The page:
Since Purity Ring, Death Grips and Tame Impala didn’t exactly take off this year like Arcade Fire or Animal Collective, Pitchfork‘s cultural influence might be cooling off, which is bittersweet since their writer stable is probably better now than it ever was (some of us don’t miss those novelty reviews), and their point-of-view has gotten less indie-elitist and more friendly to female artists, pop and r&b in particular in 2012. But the overarching editorial tastes still tend toward a certain narrative that so many artists do not follow, the whole “victory lap” adage, people ascending until their career crashes and burns, before a triumphant comeback. This sort of sensationalized trajectory really doesn’t happen with most artists, who sometimes make good albums and sometimes make disappointing ones. And many artists who’ve stagnated or are on their way “down” still make more essential music than whoever du jour is on the rise. So here’s a bunch of good records that Pitchfork missed the forest for the trees on. (Full disclosure: I’ve written there in the past. We didn’t agree a lot. Also a few fellow Sound of the City people write there too, don’t judge them based on my haterade.)
– The Ten Best Metal Albums
– Charles Mingus’ Secret Eggnog Recipe Will Knock You on Your Ass
– 30 Facts About Ke$ha Gleaned From Her New Book My Crazy Beautiful Life
David Byrne/St. Vincent – Love This Giant
Pitchfork rating: 5.9
What they said: “With precious few exceptions, neither Clark nor Byrne seems willing to push the other into new musical territory that might contain revelations about either. The songs merely stand apart from life and dryly comment on its strangeness.”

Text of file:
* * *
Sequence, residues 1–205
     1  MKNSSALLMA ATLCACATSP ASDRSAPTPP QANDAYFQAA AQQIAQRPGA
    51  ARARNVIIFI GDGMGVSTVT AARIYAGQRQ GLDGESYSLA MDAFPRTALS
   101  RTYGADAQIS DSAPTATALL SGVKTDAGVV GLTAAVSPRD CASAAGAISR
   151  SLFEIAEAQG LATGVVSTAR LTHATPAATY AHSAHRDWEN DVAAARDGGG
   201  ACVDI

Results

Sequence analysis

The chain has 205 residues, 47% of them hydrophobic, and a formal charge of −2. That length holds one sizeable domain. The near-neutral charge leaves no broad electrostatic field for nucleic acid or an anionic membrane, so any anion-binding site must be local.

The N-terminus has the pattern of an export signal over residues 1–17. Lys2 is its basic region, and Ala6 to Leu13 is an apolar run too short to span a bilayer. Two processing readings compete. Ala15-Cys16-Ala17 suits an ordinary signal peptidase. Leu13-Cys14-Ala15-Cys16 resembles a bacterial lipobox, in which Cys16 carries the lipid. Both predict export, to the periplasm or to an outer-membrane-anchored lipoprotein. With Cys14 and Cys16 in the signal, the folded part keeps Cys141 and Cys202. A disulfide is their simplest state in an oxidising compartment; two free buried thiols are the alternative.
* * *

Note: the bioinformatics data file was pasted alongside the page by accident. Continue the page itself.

Au Contraire: As someone lukewarm on St. Vincent and completely astringent towards Byrne’s post-Talking Heads career, I’ll definitely vouch for the falseness of that first part. The herky-jerky horn arrangements give Annie Clark an upright, marching urgency that her own albums lack (this year’s Big Black-channeling “Krokodil” single also helped show she can do more than boring art-prog indie), and somehow she must’ve edited Byrne’s songwriting into funky little nuggets again. The leadoff “Who” and oddly danceable “Lazarus” take rhythm ideas from tUnE-yArDs, while “The One Who Broke Your Heart” unabashedly recalls Buster Poindexter’s ’80s craze “Hot Hot Hot.” That’s not new musical territory? Giant is Byrne’s best venture since Music for the Knee Plays, which was also horn-based. As for the dry comments on life, they have their moments, like Clark’s gorgeous Occupy-inflected chorus for “Optimist”: “I’m the optimist of 30th street/ How it is is how it ought to be.”